Be thankful for what you have; you'll end up having more. If you concentrate on what you don't have, you will never, ever have enough." - Oprah Winfrey
I remember watching the Oprah episode in 1996 where she introduced Simple Abundance and the idea of journaling about gratitude daily. I was a young mother and the ideas in Simple Abundance resonated with me deeply. I started with great enthusiasm but of course, life with two young boys and another on the way, quickly made the “gratitude habit” hard to practice. Fortunately the sentiment and perspective of gratitude has never left me and while I don’t always write it down, I do spend time every day focused on the things I am most grateful for.
To be sure it’s not the same things every day. That is the beauty of seeking your gratitude. Some days we feel overwhelmed with responsibilities. We see all the problems in the world and too few solutions. We have friends and loved ones who are struggling. It is on those challenging days that gratitude might simply come from a good cup of coffee or a warm bath. Being grateful for the simple things can help us from concentrating on the things we don’t have and can’t control.
At grand to GREAT, our fourth daily action is GIVE.
GIVE—thanks, praise, gratitude, peace. Meditate or pray, say it out loud or write a note. Doesn’t matter how, just do it every day.
While there is no question that an “attitude of gratitude” will help you live your best life, there is now scientific proof that it will actually make you healthier!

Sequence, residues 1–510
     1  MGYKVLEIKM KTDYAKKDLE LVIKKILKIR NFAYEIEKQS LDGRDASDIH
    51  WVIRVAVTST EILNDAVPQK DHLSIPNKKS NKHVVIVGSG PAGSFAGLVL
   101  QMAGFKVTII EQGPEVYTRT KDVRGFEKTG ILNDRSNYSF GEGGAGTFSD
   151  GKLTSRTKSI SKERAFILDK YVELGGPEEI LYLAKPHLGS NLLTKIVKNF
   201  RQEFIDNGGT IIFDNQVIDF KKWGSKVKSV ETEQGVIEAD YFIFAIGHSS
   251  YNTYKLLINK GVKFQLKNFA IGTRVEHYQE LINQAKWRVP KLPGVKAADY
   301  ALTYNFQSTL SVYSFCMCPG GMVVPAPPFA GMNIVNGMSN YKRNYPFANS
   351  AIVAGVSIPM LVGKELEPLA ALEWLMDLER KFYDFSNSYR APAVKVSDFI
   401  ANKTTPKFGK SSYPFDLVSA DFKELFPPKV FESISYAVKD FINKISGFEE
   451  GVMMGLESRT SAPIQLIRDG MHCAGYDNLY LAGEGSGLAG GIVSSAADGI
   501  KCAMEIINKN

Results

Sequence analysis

“Clinical trials indicate that the practice of gratitude can have dramatic and lasting effects in a person’s life,” said Robert A. Emmons, professor of psychology at UC Davis. “It can lower blood pressure, improve immune function and facilitate more efficient sleep.” One recent study from the University of California San Diego’s School of Medicine found that people who were more grateful actually had better heart health, specifically less inflammation and healthier heart rhythms. Research shows that when we think about what we appreciate, the parasympathetic or calming part of the nervous system is triggered and that can have protective benefits on the body, including decreasing cortisol levels and perhaps increasing oxytocin, the bonding hormone involved in relationships that make us feel so good.¹
Even more importantly, gratitude helps you become “UNAGEABLE”. George Vaillant, in his book, Aging Well which is based on the Harvard Study of Adult Development, concludes that “[those] who have aged most successfully are those who worry less about cholesterol and waistlines and more about gratitude…”²
“Some people may not be grateful by nature but it is a habit you can get accustomed to,” said Dr. Norman Rosenthal, a psychiatrist and author of “Winter Blues.” “One very good way is being aware of comparing up. It’s a formula for unhappiness because you can always find a person who is more advantaged than you are.” Come winter, and endless days of rain I have to work harder and the coffee and bath tub are frequently repeated. I will admit, during the summers in Oregon it is simply easier for me to be grateful.
‘Gratitude is a simple and effective practice and the benefits are real and attainable. Many of us know this in our hearts, but now it's proven by modern science. Gratitude creates a healthier, happier and more fulfilling state of being for anyone who takes a few moments to feel and reflect on it.’
What can you find today to be grateful for?
² AGING WELL: Surprising Guideposts to a Happier Life from the Landmark Harvard Study of Adult Development, George E. Valliant, 2002
Sara Childre, president of the Institute of HeartMath